If this did not make sense then loading a 600mH cartridge such as the old Ortofon VMS20E II moving magnet cartridge with Ortofon's suggested 400pf would be crazy. But if you don't load it like that you'll find this quite brilliant cartridge will hiss a spit like a rattle snake!

What is happening by unloading the capacitance is that the highs are increasing beyond 15kHz due to stylus tube resonance. By unloading the capacitance the electrical response peak is "cured" (more likely negated much more) but the response doesn't fall at the expected rate until say an octave above so the surface noise headroom of the preamp is compromised by 6dB ensuring that the noise will cause good wide-band preamps to clip on really loud passages. Furthermore, just like any generating system, without any load (expected in this frequency range) the cartridge output rises compounding the problem.

By rejecting common sense such as the IEC 6-1938 matching system standard (to which many European manufacturers comply), we again, through use of uneducated ears, run the risk of mob-enforcing tone controls where we say "there are no tone controls".

Yes, it's amazing where a little treble boost leads... Without proper understanding we in hi-fi often end up trying to milk the bull!

And often it results in the same... Wink
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Post Options Post Options   Thanks (0) Thanks(0)   Quote tg Quote  Post ReplyReply Direct Link To This Post Posted: 10 Oct 2010 at 6:00am

I am glad you have cleared that up for me   Confused  Wacko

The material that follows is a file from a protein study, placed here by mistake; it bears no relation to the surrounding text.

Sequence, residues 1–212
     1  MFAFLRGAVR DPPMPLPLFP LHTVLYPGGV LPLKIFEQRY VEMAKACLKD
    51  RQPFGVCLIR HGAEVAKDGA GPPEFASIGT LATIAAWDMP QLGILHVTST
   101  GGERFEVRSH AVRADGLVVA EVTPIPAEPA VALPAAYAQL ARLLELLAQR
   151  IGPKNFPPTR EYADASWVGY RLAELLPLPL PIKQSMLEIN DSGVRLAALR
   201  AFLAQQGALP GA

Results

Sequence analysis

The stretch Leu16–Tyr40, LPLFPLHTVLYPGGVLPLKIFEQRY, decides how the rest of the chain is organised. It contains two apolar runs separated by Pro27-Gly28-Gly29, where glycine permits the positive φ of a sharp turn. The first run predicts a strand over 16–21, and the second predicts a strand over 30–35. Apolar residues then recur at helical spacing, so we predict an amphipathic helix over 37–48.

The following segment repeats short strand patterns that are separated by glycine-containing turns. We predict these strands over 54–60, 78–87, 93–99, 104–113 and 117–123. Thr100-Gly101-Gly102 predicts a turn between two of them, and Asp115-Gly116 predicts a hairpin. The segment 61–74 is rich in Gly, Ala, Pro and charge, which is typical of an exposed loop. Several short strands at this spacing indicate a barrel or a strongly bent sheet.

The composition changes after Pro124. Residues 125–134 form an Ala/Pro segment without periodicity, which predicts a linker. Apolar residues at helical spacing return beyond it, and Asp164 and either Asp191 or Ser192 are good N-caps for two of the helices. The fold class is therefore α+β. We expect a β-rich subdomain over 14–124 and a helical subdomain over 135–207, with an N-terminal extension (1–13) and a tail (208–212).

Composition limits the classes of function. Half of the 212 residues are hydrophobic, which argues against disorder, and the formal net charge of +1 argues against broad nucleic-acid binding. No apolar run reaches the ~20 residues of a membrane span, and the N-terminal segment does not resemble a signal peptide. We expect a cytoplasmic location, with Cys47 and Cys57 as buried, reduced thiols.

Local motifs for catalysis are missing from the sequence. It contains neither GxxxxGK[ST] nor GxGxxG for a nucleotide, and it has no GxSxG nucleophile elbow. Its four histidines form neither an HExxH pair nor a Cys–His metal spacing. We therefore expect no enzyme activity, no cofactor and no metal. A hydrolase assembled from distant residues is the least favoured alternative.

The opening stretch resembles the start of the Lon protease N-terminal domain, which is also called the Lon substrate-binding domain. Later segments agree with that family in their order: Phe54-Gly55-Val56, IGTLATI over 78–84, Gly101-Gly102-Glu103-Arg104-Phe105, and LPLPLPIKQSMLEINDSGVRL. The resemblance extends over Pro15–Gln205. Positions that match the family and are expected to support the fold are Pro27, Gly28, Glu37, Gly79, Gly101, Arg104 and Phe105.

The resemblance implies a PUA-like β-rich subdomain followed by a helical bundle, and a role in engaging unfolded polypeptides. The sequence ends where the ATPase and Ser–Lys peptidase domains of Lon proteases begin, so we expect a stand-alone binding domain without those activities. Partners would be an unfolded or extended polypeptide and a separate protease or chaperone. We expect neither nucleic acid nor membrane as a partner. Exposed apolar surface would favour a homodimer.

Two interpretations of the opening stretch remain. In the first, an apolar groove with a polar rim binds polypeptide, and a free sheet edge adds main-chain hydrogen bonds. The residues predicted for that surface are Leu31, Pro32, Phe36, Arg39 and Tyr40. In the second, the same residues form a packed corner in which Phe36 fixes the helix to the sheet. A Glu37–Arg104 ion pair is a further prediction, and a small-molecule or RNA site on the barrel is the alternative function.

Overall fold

I knew there was a good reason to use MCs - I can work them out (mostly) Wink

Seriously though, more good info - thank you.

Perhaps a little harder for the average bodger to readily utilise.

BTW, WRT the VMS20, does this go any way to explaining the difference you have noted elsewhere between the performance on the Rega vis a vis the Technics ? - thinking here of the possibility of differing tonearm cabling capacitance contributing.




Edited by tg - 10 Oct 2010 at 6:03am
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Post Options Post Options   Thanks (0) Thanks(0)   Quote Graham Slee Quote  Post ReplyReply Direct Link To This Post Posted: 11 Oct 2010 at 12:56am
Originally posted by tg tg wrote:

...BTW, WRT the VMS20, does this go any way to explaining the difference you have noted elsewhere between the performance on the Rega vis a vis the Technics ? - thinking here of the possibility of differing tonearm cabling capacitance contributing.


Possibly but...

However, the VMS20EII was bought to replace a high output moving coil of which I cannot remember the name (that was 1979 when the Planar 3 was bought). The VMS20EII wrought an improvement, taking away the bass lightness and forceful treble to a degree. In 1979 aged 24 and back living with parents I was unable to provide the Rega with the hefty shelf the Hi-Fi press were suggesting. It was not until around 12 years later I was able to furnish it with such a shelf. On that "long journey" the RP3/VMS20EII saw numerous phono inputs most of them self-builds (but not all) of one design or another. Eventually I bought the Roksan Tabriz arm, and the removal of the Acos Lustre meant inflicting fatal damage to it because it was never intended to be removable (this gave me the impression that the RP3 was a toy...), so I was never able to test it further. The Roksan arm wrought a further improvement. So by that time I had the RP3/Roksan Tabriz/VMS20EII/Hefty Shelf. I splashed out on some tiny JPW speakers after tiring of my Goodmans DIY bass reflex "monotones" in a bid to get greater three dimensionality. I'd purposely bought the most bassy sounding "book-shelfs" then available, but still tonally, the results were only just balanced. What I did achieve was getting Hendrix walking around the listening room as my pal (and now co-director) John C will vouch for.